Auden has asserted that for me ‘the North is a sacred direction’. That is not true. The North-west of Europe, where I (and most of my ancestors) have lived, has my affection, as a man’s home should. I love its atmosphere, and know more of its histories and languages than I do of other pans; but it is not ‘sacred’, nor does it exhaust my affections. I have, for instance, a particular love for the Latin language, and among its descendants for Spanish. That it is untrue for my story, a mere reading of the synopses should show. The North was the seat of the fortresses of the Devil. The progress of the tale ends in what is far more like the re-establishment of an effective Holy Roman Empire with its seat in Rome than anything that would be devised by a ‘Nordic’. (Letter 294, dated 8 February 1967)

Tolkien was at great pains to be inclusive of non-Northern cultures here but much Tolkien scholarship strives to paint his fiction with the broad stroke of Northernism.  The myth of Tolkien’s northern mythology is pervasive in Tolkien literary scholarship.  He is frequently accused by his own defenders of creating a “mythology for England” in The Lord of the Rings, although he himself only used that to describe his earlier work, The Book of Lost Tales.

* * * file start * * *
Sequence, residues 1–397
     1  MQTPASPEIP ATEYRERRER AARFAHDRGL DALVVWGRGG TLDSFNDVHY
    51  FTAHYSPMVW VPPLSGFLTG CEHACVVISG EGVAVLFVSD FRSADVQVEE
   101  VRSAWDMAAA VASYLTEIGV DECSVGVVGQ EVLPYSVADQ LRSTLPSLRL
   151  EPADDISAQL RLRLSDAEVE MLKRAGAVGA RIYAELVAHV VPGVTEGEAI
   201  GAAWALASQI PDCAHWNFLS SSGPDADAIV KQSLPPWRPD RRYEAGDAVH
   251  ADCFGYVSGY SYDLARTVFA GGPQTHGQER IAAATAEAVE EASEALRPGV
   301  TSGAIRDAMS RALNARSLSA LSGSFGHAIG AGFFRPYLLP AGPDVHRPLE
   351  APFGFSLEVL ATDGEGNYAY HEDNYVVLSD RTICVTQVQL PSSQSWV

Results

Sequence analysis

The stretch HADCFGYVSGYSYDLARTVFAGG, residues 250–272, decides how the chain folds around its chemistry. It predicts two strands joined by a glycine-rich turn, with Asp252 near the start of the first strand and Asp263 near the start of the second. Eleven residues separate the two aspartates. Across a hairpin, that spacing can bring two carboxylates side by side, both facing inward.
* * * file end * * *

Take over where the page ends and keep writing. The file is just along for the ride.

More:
Is that perhaps why defenses against charges of Nordicism in Tolkien’s work omit such a critical comment from the man?  He wanted nothing to do with the 19th century ideas of racial purity, and his vision of a “noble northern spirit” is far more inclusive than the Anglo-Saxon trope that serves as a foundation for the most rudimentary of Tolkien scholarship.

We cannot rise to his defense without invoking the horrors of 1066 and the destitution that invasion inflicted upon the English language; and yet much of Tolkien’s fiction was inspired by Middle English and Victorian ideas.  Never mind his allusions to Homer, Troy, Greek mythology, and the Byzantines.  Numenor itself is only allowed a certain grudging comparison to ancient Egypt because Tolkien seems to have made such a comparison himself (technically he was speaking of Arnor and Gondor, but the identification of Arnor with northern Europe and Gondor with Italy is so strong that scholarship rarely admits to the author’s Egyptianist roots).

In that same letter (No. 294) Tolkien goes on to say:

His taste for Nordic languages stems from the fact that he had German ancestors who migrated to England two centuries ago.